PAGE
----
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Vril

Vril
Vril, the Power of the Coming Race is an 1871 novel by Edward Bulwer-Lytton, originally printed as The Coming Race. Among its readers have been those who have believed that its account of a superior subterranean master race and the energy-form called "Vril" is accurate, to the extent that some theosophists, notably Helena Blavatsky, William Scott-Elliot, and Rudolf Steiner, accepted the book as being (at least in part) based on occult truth.[1] A popular book, The Morning of the Magicians (1960) suggested that a secret Vril Society existed in pre-Nazi Berlin. However, there is no historical evidence for the existence of such a society. History[edit] Plot summary[edit] The novel centres on a young, independently wealthy traveller (the narrator), who accidentally finds his way into a subterranean world occupied by beings who seem to resemble angels and call themselves Vril-ya. Vril in the novel[edit] Literary significance and reception[edit] Stage adaptation[edit] Vril society[edit] [edit]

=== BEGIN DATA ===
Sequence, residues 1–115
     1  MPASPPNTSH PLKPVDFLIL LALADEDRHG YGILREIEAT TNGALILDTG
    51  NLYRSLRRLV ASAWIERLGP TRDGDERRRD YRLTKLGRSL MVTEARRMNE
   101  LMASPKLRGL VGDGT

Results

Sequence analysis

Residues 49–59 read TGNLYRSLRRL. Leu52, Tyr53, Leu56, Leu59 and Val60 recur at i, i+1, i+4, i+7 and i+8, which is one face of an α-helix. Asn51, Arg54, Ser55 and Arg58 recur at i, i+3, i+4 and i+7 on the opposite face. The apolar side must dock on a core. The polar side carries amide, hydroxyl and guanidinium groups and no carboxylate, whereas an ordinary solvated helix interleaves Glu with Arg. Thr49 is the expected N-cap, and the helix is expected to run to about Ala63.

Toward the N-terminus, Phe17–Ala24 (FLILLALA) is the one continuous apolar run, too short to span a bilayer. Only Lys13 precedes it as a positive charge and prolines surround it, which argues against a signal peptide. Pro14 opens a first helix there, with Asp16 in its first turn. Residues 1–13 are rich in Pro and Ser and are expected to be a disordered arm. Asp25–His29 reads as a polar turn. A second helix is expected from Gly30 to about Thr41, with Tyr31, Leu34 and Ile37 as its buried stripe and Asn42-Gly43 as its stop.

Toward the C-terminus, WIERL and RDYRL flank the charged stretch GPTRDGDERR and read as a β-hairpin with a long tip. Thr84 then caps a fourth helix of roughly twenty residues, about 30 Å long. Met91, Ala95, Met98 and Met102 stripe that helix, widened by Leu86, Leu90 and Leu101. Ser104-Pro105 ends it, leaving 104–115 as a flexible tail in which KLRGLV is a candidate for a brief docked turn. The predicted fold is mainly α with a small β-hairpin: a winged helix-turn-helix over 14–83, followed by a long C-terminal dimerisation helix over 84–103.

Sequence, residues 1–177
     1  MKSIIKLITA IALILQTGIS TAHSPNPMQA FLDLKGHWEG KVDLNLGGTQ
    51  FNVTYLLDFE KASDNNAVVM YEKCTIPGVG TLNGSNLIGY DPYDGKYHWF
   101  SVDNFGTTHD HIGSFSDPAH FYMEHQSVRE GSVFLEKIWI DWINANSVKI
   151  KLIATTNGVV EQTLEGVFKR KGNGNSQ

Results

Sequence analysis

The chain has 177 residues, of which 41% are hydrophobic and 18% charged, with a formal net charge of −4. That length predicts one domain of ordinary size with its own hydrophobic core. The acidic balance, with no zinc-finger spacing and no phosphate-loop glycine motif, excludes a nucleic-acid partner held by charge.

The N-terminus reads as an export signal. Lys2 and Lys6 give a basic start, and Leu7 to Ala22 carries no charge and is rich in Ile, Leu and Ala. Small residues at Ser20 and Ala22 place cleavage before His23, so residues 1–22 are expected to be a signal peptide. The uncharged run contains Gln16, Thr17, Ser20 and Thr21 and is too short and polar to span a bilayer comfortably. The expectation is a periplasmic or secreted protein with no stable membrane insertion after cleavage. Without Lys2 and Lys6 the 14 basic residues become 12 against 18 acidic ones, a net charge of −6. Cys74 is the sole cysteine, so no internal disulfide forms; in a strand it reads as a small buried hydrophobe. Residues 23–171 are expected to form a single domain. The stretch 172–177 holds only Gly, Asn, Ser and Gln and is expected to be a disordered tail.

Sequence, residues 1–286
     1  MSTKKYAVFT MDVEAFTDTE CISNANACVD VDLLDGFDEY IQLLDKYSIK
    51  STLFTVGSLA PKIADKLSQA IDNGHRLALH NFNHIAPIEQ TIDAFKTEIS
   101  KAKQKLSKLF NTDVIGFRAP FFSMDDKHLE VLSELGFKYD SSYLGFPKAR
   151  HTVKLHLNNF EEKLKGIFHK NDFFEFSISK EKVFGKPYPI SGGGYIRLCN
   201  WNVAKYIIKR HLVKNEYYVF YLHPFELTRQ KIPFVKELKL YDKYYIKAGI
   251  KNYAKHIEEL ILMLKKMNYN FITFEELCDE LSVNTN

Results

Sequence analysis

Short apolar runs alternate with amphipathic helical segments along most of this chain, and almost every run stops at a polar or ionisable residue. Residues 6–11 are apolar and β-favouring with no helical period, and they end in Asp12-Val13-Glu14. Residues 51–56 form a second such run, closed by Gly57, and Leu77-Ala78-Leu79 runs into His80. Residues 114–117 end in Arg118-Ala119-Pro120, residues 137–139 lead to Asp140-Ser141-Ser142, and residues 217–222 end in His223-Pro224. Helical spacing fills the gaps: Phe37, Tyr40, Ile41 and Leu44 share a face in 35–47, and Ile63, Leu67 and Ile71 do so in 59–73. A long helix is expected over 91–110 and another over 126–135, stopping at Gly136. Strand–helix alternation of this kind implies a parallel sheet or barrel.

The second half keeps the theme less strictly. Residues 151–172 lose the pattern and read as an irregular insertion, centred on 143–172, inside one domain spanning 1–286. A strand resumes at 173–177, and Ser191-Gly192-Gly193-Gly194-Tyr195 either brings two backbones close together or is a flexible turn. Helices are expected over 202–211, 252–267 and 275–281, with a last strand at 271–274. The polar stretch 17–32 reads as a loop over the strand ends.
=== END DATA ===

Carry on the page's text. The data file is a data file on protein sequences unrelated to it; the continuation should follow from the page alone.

http://en.wikipedia.org/wiki/Vril

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Secret Patches from The Black OPPs world The Dragon is in your Base Killing your Dudes You’re an imagery analyst, so naturally you see yourself as a Tolkein-esque flying serpent, dispensing destruction from the heavens. That’s the apparent animating impulse behind what Paglen can only call the Unknown Dragon Patch. Dragons typically stand in for signals-intelligence satellite launches; their wing patterns on patches “symbolize the massive gold-foil dish antennae” of SIGINT spacecraft. A Voyage to Arcturus A Voyage to Arcturus is a novel by Scottish writer David Lindsay , first published in 1920 . It combines fantasy , philosophy , and science fiction in an exploration of the nature of good and evil and their relationship with existence . It has been described by critic and philosopher Colin Wilson as the "greatest novel of the twentieth century", [ 1 ] and was a central influence on C. S. Lewis 's Space Trilogy . [ 2 ] Also J.